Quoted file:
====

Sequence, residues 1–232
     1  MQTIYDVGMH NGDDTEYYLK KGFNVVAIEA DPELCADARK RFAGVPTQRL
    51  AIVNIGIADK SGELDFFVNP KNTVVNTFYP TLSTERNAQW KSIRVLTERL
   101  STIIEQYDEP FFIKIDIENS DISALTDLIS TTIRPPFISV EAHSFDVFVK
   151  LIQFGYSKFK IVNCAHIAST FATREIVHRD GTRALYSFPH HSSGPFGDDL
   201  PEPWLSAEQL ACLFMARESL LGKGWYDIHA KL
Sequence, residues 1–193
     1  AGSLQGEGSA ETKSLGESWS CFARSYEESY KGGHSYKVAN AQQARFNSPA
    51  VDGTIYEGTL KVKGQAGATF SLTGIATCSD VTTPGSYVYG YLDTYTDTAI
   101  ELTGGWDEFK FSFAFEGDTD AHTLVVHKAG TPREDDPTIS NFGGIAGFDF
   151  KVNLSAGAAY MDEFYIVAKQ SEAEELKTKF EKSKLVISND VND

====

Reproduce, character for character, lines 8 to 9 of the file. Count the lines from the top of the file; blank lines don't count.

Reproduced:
     1  AGSLQGEGSA ETKSLGESWS CFARSYEESY KGGHSYKVAN AQQARFNSPA
    51  VDGTIYEGTL KVKGQAGATF SLTGIATCSD VTTPGSYVYG YLDTYTDTAI